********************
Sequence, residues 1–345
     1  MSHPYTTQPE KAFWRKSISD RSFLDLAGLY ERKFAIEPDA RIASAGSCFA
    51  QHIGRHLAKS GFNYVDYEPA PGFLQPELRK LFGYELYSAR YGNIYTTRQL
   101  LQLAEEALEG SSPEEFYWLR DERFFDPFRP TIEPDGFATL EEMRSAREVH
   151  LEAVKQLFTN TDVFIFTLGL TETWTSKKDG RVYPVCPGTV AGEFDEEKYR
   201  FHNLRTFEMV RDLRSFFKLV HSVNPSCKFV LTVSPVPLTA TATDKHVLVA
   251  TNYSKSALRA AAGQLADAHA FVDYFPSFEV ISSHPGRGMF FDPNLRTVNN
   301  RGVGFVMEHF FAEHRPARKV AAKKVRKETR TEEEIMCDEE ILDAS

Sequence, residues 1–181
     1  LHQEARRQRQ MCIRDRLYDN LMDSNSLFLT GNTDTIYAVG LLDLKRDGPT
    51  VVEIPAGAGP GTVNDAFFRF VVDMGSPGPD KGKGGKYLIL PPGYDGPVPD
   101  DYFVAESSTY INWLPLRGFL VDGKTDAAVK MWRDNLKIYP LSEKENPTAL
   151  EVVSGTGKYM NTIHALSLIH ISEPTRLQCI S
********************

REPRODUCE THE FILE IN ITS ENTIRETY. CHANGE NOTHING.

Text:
Sequence, residues 1–345
     1  MSHPYTTQPE KAFWRKSISD RSFLDLAGLY ERKFAIEPDA RIASAGSCFA
    51  QHIGRHLAKS GFNYVDYEPA PGFLQPELRK LFGYELYSAR YGNIYTTRQL
   101  LQLAEEALEG SSPEEFYWLR DERFFDPFRP TIEPDGFATL EEMRSAREVH
   151  LEAVKQLFTN TDVFIFTLGL TETWTSKKDG RVYPVCPGTV AGEFDEEKYR
   201  FHNLRTFEMV RDLRSFFKLV HSVNPSCKFV LTVSPVPLTA TATDKHVLVA
   251  TNYSKSALRA AAGQLADAHA FVDYFPSFEV ISSHPGRGMF FDPNLRTVNN
   301  RGVGFVMEHF FAEHRPARKV AAKKVRKETR TEEEIMCDEE ILDAS

Sequence, residues 1–181
     1  LHQEARRQRQ MCIRDRLYDN LMDSNSLFLT GNTDTIYAVG LLDLKRDGPT
    51  VVEIPAGAGP GTVNDAFFRF VVDMGSPGPD KGKGGKYLIL PPGYDGPVPD
   101  DYFVAESSTY INWLPLRGFL VDGKTDAAVK MWRDNLKIYP LSEKENPTAL
   151  EVVSGTGKYM NTIHALSLIH ISEPTRLQCI S